Class Associations can be found in Sweden of course, Norway, Denmark, Germany, Holland, USA and in the UK. Now, they can be found for little money in Scandinavia if you are looking for one. 

The Norwegian Contessa 26 BIKA in sharp contrast with another more anonymous and not so elegant yacht. Photo by: Henrik Nor-Hansen/Nina Kristin Nilsen

The Norwegian Contessa 26 BIKA in sharp contrast with another more anonymous and not so elegant yacht. Photo by: Henrik Nor-Hansen/Nina Kristin Nilsen

Contessa 26

Conceived the same year as the first Albin Vega was built. The Contessa 26 is a 7.77 meter yacht brought about when Jeremy Rogers, with a background in traditional wooden boatbuilding along with one of his Folkboat customers, David Sadler, created a modified version of the same boat in GRP. Based on the Folkboat, the Contessa 26 made her first appearance on the water at the end of April 1966, and within two years the demand for this very pretty little cruiser-racer was such that the boatshed had to expand to double its original size.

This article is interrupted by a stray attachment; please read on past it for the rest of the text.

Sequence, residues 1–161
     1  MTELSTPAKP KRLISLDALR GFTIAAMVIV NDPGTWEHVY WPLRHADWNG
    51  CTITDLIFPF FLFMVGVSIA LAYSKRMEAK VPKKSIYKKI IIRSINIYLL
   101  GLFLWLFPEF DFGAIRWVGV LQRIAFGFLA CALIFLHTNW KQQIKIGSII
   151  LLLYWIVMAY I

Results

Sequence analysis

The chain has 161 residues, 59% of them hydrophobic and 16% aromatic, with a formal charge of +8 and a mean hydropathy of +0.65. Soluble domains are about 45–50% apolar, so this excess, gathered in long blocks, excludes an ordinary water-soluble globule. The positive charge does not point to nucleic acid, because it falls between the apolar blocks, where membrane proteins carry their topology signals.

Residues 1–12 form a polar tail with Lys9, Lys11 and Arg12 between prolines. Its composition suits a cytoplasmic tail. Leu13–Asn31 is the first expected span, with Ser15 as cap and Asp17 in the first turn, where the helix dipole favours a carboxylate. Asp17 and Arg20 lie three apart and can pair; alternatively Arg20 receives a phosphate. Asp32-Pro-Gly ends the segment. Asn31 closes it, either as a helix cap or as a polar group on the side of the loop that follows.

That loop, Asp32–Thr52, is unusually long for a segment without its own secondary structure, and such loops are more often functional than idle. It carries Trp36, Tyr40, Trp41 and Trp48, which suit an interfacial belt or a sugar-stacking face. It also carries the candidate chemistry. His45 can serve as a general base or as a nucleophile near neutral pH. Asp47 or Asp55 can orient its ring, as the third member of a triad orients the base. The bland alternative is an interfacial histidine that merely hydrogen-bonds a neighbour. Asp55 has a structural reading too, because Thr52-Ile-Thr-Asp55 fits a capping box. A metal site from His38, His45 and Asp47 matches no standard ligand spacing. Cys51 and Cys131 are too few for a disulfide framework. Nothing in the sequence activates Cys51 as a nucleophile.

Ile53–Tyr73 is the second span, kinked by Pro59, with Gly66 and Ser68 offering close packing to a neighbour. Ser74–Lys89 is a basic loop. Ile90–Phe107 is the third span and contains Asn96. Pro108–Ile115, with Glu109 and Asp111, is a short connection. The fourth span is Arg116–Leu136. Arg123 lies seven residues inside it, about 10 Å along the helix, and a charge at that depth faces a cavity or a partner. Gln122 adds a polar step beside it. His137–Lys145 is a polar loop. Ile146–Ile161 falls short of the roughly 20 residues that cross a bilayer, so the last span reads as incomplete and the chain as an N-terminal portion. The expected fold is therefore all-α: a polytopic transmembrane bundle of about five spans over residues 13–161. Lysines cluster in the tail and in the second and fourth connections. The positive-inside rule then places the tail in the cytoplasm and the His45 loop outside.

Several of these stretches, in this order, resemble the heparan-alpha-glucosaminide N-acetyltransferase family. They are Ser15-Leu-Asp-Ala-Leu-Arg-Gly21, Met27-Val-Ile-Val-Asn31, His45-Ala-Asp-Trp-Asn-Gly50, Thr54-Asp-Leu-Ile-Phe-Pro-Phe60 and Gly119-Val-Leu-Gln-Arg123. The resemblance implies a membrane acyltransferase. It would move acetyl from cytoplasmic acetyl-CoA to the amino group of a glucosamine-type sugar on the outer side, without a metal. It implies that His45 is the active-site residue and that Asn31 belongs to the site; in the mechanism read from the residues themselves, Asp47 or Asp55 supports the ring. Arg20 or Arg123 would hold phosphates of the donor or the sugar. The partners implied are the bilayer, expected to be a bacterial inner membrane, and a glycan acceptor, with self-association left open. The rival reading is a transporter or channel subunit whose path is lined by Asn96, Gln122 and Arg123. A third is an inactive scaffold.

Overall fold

Several Contessas have been circumnavigating the globe and done some remarkable journeys across oceans. Among several we would recommend the blog from the journey of the Norwegian BIKA and the wonderful film "Between Home" about Nick Jaffe's journeys onboard the Constellation.

The Contessa 26 also has a passionate following and an excellent class association.


A fine example of the Corribee 21 in Norway. Photo by: Daniel Novello

A fine example of the Corribee 21 in Norway. Photo by: Daniel Novello